The DoT has resurrected the old ghost of subscriber-base linked allocation of spectrum by proposing that for spectrum for CDMA services in 800 MHz band “the seniority for allotment shall be the subscriber base in telecom service area.” It says elsewhere that in case of a tie between two existing players, “preference will be given to the bidder with the larger subscriber base”. The guidelines have no explanation why, when it has been decided to conduct an auction, the final winner in each such a case should simply not be the company that bids the highest. This has dented the credibility of the government’s landmark decision to price spectrum along global best practices.

The provision to disallow companies from lowering their bids in subsequent rounds of auctions and to insist that the highest bids in the first auction will become reserve price for subsequent auctions, is equally questionable and will prevent a genuine correction if speculators play havoc in the early phases. The priority for government should be to discover a fair market price of spectrum and not to artificially raise its pickings. It has a duty to deter speculators in a strategic sector and create conditions conducive for serious players willing to compete fairly.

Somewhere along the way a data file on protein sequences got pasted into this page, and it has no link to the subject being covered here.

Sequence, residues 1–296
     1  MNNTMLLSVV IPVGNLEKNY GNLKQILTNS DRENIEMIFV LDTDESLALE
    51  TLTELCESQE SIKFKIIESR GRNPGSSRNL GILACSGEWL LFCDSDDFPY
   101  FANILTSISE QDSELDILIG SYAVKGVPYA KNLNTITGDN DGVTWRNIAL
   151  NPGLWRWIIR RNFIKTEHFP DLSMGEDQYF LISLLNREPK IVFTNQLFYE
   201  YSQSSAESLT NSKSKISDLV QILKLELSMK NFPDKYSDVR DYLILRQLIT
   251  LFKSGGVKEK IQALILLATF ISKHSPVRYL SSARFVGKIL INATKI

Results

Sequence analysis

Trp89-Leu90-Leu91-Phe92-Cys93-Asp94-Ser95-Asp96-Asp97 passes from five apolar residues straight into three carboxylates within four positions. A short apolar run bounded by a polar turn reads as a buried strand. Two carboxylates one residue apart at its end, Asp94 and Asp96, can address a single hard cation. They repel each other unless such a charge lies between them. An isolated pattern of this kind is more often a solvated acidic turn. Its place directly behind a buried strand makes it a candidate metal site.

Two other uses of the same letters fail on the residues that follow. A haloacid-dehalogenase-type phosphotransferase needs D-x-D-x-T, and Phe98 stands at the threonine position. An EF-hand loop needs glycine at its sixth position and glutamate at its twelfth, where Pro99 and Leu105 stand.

The bureaucratic flaws in the guidelines notwithstanding, at least some of the existing 2G players seem poised to offer 3G services in the near future. The proposed auction of 3G spectrum will deter — if not prevent — bureaucrats’ current practice of giving away valuable spectrum at arbitrary prices. But, to expect them to embrace time honoured regulatory principles and forgo an opportunity for discretion is perhaps too much to ask.